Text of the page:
10 May, 12 | by Leslie Goode, Blogmaster
What sort of impact does HIV testing (Voluntary Testing and Counselling: VCT) have on an individual’s subsequent sexual behaviour?
A number of studies of VCT clients in sub-Saharan Africa, and published in STI journal, suggest a significant preventative effect. A two-year cohort study of 401 clients of Kenyan government health centres (Arthur & Gilks, 2007) points to a significant reduction at 7.5 months both in the proportion of clients with multiple partners (from 16% to 6%) and in the numbers reporting symptoms of STIs (16% to 6%). A more recent study of attendees at health-centre affiliated VCTs in two Zambian mining villages involving serial interviews (Sikasote & Murray, 2011) serve to consolidate pre-test decisions concerning sexual risk behaviour and reflect clients’ desire to “regain control of their lives”.
In the view of the support these studies lend to the preventative aspect of VCT, it is encouraging to note the comparable behavioural changes reported in a recent study of a very different client group of 1,038 cocaine and heroin users taking up base-line VCT at a US Emergency Department (Bernstein and Madico, 2012). The study involved secondary analysis of data from a randomized control trial of a motivational intervention (ineffective, as it turned out), which included behaviour change at six and twelve months, notably: a sustained decrease in the proportion of unprotected sex acts (OR 0.7 at 6 months; 0.69 at 12 months), and a sustained drop off – from a high base-line, admittedly – in the number of sex acts (OR 3.1; 0.25). Given the screening took place during visits to an ED, this effect cannot, as in the African cases, be attributed to a pre-test decision.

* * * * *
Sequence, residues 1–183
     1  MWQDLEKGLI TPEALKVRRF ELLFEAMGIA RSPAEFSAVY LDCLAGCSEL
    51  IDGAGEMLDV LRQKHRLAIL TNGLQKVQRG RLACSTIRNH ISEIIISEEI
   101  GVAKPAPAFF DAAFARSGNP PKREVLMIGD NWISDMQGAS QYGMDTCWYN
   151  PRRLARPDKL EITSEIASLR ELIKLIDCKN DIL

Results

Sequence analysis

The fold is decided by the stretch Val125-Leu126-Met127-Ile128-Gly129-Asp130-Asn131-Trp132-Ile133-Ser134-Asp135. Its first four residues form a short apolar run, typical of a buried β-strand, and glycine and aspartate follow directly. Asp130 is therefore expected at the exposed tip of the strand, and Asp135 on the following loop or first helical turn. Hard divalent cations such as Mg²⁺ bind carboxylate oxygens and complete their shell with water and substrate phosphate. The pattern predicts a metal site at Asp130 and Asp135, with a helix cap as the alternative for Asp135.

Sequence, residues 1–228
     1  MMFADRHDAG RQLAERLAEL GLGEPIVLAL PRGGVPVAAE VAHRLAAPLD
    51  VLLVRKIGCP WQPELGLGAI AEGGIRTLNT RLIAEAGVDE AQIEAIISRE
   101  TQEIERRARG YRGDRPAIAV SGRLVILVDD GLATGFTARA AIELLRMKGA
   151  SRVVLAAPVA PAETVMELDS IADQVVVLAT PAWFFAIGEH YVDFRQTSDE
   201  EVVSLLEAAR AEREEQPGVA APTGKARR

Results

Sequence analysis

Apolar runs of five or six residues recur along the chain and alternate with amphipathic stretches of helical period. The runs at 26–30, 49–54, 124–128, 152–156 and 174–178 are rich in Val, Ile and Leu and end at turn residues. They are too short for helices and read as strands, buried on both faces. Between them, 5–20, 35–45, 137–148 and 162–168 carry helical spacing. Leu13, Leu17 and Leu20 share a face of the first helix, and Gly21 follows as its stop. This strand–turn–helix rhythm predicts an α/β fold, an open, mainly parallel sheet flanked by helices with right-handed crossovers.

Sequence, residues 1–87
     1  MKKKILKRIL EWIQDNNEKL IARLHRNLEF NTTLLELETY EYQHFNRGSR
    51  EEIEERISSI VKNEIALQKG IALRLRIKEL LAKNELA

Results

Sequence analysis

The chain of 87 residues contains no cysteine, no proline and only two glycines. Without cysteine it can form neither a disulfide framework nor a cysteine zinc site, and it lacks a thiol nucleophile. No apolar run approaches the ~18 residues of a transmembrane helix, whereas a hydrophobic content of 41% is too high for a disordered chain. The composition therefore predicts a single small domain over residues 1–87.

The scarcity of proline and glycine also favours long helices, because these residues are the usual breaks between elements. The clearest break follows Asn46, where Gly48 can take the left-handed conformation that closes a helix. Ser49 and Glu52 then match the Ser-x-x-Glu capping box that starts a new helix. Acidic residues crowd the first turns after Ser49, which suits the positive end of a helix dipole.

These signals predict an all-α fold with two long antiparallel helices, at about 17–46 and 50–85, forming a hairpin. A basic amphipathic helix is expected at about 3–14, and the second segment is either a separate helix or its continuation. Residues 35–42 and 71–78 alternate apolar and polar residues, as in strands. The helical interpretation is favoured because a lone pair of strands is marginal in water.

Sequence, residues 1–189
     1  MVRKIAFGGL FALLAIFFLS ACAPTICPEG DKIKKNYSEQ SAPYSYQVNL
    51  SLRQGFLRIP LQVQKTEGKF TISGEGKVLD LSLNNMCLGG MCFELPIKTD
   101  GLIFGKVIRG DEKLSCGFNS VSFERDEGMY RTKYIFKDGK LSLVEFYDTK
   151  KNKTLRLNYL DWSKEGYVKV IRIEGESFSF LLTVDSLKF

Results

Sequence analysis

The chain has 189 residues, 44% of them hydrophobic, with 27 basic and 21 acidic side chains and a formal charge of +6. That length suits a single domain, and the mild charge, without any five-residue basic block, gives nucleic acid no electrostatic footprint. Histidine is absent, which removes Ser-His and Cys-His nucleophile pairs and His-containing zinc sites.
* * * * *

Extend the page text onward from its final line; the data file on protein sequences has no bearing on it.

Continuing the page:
These recent findings seem to endorse once again, albeit in the relation to a very different client group, the preventative impact of VCT. It is interesting, in this regard, that the Zambian study (Sikasote and Murray, 2011) raises the issue of VCT impact for those testing negative, and the importance of post-test support for this group. They even recommend the de-linking of counselling from testing to encourage earlier attendance.
G. Arthur, C. Gilks et al., “Sexual behaviour change in clients of health centre-based voluntary HIV counselling and testing services in Kenya”, Sexually Transmitted Infections 2007: 83;7
Janet Sikasote, Scott A. Murray et al., “Voluntary counselling and testing for HIV in a Zambian mining community: serial interviews with people testing negative”, Sexually Transmitted Infections 2011:87;5
Edward Bernstein, Guillermo Madico et al., “Long-term Follow-up After Voluntary Human Immunodeficiency Virus/Sexually Transmitted Infection Counseling, Point-of-service Testing, and Referral to Substance Abuse Treatment From the Emergency Department, Academic Emergency Medicine, Volume 19, Issue 4, April 2012